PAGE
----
3 Keys to Enhance Creativity in Companies

Despite all the hype surrounding creativity in recent years, creative muscles remain largely underdeveloped at the corporate level. Although most organizations have finally understood the importance of innovation and have consequently implemented strategies for it, the reality is that they will not be able to create new products, services, and processes until the teams themselves become more creative. And teams do not become more creative because, in many cases, organizational systems prevent it, and leaders don’t understand how creativity works.

The Dynamics of Creativity

To begin with, it’s often hampered by bureaucratic, hierarchical, and restrictive processes. Creativity also requires time and space to flourish. When we have excessively “efficient” corporate cultures, in which measures and practices are implemented to control and regulate the time spent on each task, or calendars are filled with meetings, creativity tends to wither.

How do we prevent stifling team creativity in an environment that values efficiency? The answer might be surprising: You probably can’t. The truth is, creativity tends to be inefficient in the way we currently understand efficiency. The corporate ideal of what a productive and efficient workday should look like stands as the foremost and most substantial obstacle to nurturing more creative teams. Creativity thrives on effectiveness rather than efficiency or productivity. That’s why fostering creativity within the organization calls for a genuine cultural shift.

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1. Innovation Culture: The Creative Pulse of the Company

Creativity and innovation go hand in hand, influencing both individuals and teams. In cultures that foster innovation, there’s room for a multitude of ideas—good and bad alike. These environments also embrace the possibility of failure, celebrating original concepts and working to turn them into tangible realities for the business. The ultimate goal is to see these innovations translate into improved results. If that doesn’t happen, there’s no punishment. A healthy acceptance of failure is seen as a positive sign that innovation is thriving. Of course, it’s crucial to be mindful of where and how failures occur. It’s not about neglecting the business, but rather reducing fear and stigma within teams when it comes to the idea of failure.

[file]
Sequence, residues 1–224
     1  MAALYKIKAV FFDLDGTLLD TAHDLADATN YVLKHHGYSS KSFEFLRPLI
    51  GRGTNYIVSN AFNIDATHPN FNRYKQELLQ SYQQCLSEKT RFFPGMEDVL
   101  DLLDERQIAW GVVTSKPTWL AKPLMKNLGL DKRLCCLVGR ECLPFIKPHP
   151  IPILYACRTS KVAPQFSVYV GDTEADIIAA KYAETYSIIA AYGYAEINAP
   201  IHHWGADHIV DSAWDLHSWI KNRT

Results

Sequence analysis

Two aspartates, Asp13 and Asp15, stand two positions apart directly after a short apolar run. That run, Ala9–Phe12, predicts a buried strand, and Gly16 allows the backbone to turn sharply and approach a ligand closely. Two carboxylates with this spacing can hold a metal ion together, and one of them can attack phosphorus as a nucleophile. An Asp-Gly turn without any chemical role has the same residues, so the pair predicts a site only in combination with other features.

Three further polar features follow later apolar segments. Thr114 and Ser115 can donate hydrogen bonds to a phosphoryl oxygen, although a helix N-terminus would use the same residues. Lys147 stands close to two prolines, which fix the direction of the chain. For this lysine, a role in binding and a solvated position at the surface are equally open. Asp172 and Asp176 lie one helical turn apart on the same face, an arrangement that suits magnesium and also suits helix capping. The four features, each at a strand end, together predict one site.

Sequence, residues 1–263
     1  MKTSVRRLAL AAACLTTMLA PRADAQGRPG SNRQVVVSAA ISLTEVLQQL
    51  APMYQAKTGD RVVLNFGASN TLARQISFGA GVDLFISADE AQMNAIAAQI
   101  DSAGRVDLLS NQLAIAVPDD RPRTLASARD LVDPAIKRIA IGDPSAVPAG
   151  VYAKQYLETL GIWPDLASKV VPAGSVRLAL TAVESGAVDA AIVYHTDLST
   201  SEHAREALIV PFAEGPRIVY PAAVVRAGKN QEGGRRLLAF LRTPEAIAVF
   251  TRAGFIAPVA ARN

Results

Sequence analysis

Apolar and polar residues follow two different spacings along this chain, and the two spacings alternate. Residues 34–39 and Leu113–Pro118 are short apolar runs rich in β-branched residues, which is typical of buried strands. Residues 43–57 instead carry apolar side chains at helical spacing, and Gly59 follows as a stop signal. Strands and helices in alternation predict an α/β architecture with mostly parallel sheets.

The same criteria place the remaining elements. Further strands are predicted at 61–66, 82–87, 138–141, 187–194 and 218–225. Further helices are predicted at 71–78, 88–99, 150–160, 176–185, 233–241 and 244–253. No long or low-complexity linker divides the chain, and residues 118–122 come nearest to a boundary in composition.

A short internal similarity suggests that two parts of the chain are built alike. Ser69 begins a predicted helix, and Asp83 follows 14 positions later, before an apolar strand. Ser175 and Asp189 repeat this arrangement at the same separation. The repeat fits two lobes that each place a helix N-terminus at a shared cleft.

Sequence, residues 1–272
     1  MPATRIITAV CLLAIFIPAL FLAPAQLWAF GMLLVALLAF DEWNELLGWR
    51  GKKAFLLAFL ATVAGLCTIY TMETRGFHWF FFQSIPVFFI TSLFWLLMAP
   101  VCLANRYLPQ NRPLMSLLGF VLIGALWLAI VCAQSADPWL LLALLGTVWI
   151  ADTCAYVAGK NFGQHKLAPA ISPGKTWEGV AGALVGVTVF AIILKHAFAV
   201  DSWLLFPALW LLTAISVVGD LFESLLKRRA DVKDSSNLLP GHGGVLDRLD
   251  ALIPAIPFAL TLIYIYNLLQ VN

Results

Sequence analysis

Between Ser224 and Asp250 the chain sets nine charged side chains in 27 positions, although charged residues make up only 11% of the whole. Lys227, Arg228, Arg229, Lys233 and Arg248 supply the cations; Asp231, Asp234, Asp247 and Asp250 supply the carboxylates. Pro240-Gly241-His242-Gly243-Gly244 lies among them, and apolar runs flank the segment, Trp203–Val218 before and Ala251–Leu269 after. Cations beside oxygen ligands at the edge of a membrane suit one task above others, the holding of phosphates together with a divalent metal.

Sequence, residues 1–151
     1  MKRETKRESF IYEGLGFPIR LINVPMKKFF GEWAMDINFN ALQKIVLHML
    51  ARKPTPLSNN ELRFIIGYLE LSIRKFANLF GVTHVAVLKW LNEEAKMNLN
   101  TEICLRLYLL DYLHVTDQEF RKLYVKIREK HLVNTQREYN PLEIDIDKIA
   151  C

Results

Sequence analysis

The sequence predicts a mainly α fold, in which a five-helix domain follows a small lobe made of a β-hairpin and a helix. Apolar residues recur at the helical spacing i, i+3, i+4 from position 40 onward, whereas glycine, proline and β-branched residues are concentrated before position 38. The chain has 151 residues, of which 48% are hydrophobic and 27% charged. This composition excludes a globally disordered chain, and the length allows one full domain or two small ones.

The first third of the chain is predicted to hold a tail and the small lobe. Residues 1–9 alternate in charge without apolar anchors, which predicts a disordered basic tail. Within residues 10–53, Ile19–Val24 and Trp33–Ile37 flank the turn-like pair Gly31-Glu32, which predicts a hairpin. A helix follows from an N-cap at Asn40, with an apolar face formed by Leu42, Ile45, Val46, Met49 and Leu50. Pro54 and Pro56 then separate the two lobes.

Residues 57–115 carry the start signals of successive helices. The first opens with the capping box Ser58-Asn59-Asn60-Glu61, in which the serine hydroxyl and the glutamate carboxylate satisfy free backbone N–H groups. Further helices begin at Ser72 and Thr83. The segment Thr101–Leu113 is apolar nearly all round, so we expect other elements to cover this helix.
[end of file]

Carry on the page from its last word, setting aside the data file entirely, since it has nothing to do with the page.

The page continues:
Strategies to foster corporate creativity and drive cultural change:

  • Promoting diversity of thought: Two minds are better than one, especially when they come together. Teams composed of people with diverse backgrounds are crucial for bringing in varied perspectives and experiences that can enrich the creative process.
  • Investing in innovative ideas, even when there’s fear of failure: In the 1970s, a young computer scientist named Edwin Catmull developed groundbreaking technology for computer animation. Catmull and his team pitched this technology to various Hollywood studios, facing outright rejection until, in 1991, they secured an agreement with Walt Disney Studios that provided much needed financial support. In 1995, Catmull and his team made a breakthrough in the film industry with the release of ‘Toy Story,’ marking a pivotal moment in the industry.